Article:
curated by Andreas Weixler

    CMS-invited lecture


    Anthony Paul De Ritis (Northeastern University, Boston, USA)
    Using Korean and Chinese Traditional Instruments in an Electroacoustic Music Context

    13.11.2014, 10.30-12.00 Uhr
    im Computermusik-Lehrstudio, Sandgasse 14, Linz


Music technologist and composer Anthony Paul De Ritis’ music has been described as “...intriguingly beautiful... cutting-edge” (Tech TV); “...brash, rhythmic, propulsive and completely engaging” (Contra Costa Times) and sounding “like a rich tapestry in the spirit of Charles Ives” (Boston Globe). He has received performances nationally and internationally, including at the Weill Recital Hall at Carnegie Hall, Avery Fisher Hall at Lincoln Center, Harvard’s Sanders Theatre, Yale’s Woolsey Hall, Taipei’s Zhong Shan Hall, Beijing’s Yugong Yishan, Seoul’s KT Art Hall, and UNESCO headquarters in Paris, where his Melody for Peace was premiered by the Prague Philharmonic. De Ritis’ Devolution, a Concerto for DJ and Symphony Orchestra, features Paul D. Miller aka DJ Spooky That Subliminal Kid as soloist, “confirmed that the turntable has been reinvented as a bona fide musical instrument, and that the worlds of classical and futuristic pop are not, in fact, mutually exclusive” (San Francisco Chronicle). De Ritis’ CD Devolution was released by the 5-time Grammy nominated Boston Modern Orchestra Project in 2012. He also works frequently with Chinese traditional instruments, in particular, with pipa virtuosi Min Xiao-Fen and Wu Man, and in Fall 2011 he was a Fulbright Senior Research Scholar at the Central Conservatory of Music in Beijing, China.
De Ritis is jointly appointed in the Entrepreneurship and Innovation Group in Northeastern University’s College of Business where he teaches Design Thinking for Market-Driven Innovation and Arts-Based Learning for Managers in the M.B.A. program. In 2007 he initiated Northeastern’s annual Entrepreneurship Week series of activities which was cited by the Kauffman Foundation for “developing an entrepreneurial ecosphere” across campus and throughout the surrounding community. Forbes Magazine recently ranked Northeastern No. 4 as one of “America's Most Entrepreneurial Campuses.”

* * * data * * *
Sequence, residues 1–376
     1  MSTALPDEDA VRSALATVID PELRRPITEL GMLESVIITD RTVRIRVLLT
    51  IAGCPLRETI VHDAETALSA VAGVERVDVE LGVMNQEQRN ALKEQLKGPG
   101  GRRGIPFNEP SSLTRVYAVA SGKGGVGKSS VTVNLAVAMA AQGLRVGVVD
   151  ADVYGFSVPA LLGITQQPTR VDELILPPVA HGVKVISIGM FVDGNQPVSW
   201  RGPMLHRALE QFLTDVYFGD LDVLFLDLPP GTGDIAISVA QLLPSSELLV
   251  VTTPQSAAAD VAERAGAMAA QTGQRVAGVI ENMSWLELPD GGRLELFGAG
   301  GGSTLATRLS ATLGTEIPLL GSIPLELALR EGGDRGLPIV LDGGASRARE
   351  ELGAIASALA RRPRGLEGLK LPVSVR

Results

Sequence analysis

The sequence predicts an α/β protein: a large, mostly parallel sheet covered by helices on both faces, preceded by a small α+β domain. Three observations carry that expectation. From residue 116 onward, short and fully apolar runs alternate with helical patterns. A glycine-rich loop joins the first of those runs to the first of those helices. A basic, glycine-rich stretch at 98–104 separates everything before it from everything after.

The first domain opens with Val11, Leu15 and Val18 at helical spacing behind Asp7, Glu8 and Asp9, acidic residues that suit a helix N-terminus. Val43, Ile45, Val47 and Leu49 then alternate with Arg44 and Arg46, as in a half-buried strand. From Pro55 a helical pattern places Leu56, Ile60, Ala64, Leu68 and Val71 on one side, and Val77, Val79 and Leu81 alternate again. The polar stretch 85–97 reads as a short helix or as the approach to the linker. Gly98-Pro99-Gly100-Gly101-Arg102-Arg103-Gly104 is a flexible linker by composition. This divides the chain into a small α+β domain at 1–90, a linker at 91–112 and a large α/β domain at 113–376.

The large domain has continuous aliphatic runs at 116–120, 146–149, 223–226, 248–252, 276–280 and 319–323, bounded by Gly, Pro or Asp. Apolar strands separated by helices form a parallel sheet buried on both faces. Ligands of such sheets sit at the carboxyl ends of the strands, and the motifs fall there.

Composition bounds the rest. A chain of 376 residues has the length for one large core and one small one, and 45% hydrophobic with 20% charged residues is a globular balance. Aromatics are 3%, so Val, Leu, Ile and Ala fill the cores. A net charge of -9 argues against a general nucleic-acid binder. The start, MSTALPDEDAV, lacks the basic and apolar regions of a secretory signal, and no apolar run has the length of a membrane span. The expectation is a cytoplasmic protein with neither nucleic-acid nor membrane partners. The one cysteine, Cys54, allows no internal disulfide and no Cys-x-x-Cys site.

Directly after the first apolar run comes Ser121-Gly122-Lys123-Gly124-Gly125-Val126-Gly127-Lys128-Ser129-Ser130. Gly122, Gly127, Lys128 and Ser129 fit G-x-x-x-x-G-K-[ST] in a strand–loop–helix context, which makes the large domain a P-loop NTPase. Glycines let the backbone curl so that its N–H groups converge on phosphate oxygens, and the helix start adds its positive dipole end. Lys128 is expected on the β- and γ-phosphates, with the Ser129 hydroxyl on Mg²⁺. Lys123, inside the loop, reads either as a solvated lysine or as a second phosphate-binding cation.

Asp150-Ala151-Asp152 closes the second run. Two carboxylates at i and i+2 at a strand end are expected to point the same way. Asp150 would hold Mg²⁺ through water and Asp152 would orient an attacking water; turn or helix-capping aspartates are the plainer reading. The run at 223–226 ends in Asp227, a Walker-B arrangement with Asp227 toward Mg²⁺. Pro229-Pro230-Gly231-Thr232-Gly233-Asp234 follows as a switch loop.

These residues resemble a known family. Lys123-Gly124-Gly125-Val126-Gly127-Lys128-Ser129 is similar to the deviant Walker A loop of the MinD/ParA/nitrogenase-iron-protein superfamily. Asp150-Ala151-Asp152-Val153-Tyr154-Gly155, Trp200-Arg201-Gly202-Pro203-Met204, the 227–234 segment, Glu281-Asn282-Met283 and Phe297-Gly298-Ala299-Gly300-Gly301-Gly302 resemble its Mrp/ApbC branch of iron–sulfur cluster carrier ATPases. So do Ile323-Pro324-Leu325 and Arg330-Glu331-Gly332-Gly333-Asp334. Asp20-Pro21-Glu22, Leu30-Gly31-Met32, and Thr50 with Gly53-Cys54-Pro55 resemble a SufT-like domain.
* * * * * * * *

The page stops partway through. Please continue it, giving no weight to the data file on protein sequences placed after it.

De Ritis led the creation of Northeastern’s Creative Industries program, which includes its concentrations in Game Design and Interactive Media, and established the Masters of Professional Studies in Digital Media in Northeastern's College of Professional Studies. He co-organized the City of Boston’s “Powering UP: Boston's Digital Game Industry” conference and events in coordination with the Boston Redevelopment Authority and its CreateBoston initiative. He’s lectured on the creative industries for Entrepreneur’s Organization (EO) Boston; was a delegate invited to Liverpool by the British Consulate of Boston to discuss Boston-Britain opportunities for trade and investment in the creative industries; and is on the Design Advisory Committee for DIGMA, the Design Industry Group of Massachusetts.
In 2007 De Ritis was awarded a 3-year $1 million grant from the U.S. State Department’s Bureau of Educational and Cultural Affairs to implement the Fusion Arts Exchange, a multinational exchange program in music composition and performance for undergraduate students from Brazil, India, Ireland, Mali, South Africa and the U.S. at Northeastern University in Boston. On April 8, 2008, De Ritis presented the musicians of the Fusion Arts program in concert at UNESCO's 179th Executive Board in Paris, and has regularly appeared at symposia discussing the role of music as a means of mutual understanding between cultures, often with the Melodies for Dialogue Among Civilizations Association (MDACA).
As a graduate student De Ritis contracted and managed 112 musicians for the American premiere of John Cage's Ocean 1-95 with the Merce Cunningham Dance Company, and scored the music for the Macintosh computer game, Step On It, which won the 1997 MacWorld Arcade Game of the Year. He was the founder and lead developer of the Online Conservatory (2002-2007), a collaboration between the Boston Symphony Orchestra and Northeastern University, which was featured in the New York Times, the Chronicle for Higher Education, Newsweek, Symphony magazine and the Boston Globe. In 2005, Forrester Research declared the Online Conservatory as a best practice in web-based integrated marketing.


CMS-invited lecture #15
Mike Frengel (Northeastern University, Boston, USA)
 workshop  "prepared guitar and electronics"

13.11.2014, 15-18 Uhr
am JIM im  SGA0209 / S12a-2-09  EnsembleRaum, Sandgasse 12a

alle CMS invited lecture series